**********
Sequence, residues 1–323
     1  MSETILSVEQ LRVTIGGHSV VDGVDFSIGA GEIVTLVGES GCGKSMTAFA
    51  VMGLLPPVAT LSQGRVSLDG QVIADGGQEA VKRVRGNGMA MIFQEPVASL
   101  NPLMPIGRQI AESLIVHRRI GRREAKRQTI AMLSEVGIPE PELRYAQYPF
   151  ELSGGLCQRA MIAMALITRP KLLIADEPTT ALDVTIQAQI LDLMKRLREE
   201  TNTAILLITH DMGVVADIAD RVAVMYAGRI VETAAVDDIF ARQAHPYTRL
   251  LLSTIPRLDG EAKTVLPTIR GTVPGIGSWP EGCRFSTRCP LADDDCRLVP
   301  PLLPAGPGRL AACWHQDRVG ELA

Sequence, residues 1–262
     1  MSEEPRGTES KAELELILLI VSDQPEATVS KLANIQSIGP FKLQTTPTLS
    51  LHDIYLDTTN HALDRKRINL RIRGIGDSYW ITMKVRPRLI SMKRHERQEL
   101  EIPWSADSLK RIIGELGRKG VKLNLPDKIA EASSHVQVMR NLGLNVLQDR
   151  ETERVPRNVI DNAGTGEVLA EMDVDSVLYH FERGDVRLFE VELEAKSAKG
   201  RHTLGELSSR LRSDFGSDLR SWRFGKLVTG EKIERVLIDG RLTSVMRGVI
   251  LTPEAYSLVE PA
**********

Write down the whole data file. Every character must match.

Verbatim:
Sequence, residues 1–323
     1  MSETILSVEQ LRVTIGGHSV VDGVDFSIGA GEIVTLVGES GCGKSMTAFA
    51  VMGLLPPVAT LSQGRVSLDG QVIADGGQEA VKRVRGNGMA MIFQEPVASL
   101  NPLMPIGRQI AESLIVHRRI GRREAKRQTI AMLSEVGIPE PELRYAQYPF
   151  ELSGGLCQRA MIAMALITRP KLLIADEPTT ALDVTIQAQI LDLMKRLREE
   201  TNTAILLITH DMGVVADIAD RVAVMYAGRI VETAAVDDIF ARQAHPYTRL
   251  LLSTIPRLDG EAKTVLPTIR GTVPGIGSWP EGCRFSTRCP LADDDCRLVP
   301  PLLPAGPGRL AACWHQDRVG ELA

Sequence, residues 1–262
     1  MSEEPRGTES KAELELILLI VSDQPEATVS KLANIQSIGP FKLQTTPTLS
    51  LHDIYLDTTN HALDRKRINL RIRGIGDSYW ITMKVRPRLI SMKRHERQEL
   101  EIPWSADSLK RIIGELGRKG VKLNLPDKIA EASSHVQVMR NLGLNVLQDR
   151  ETERVPRNVI DNAGTGEVLA EMDVDSVLYH FERGDVRLFE VELEAKSAKG
   201  RHTLGELSSR LRSDFGSDLR SWRFGKLVTG EKIERVLIDG RLTSVMRGVI
   251  LTPEAYSLVE PA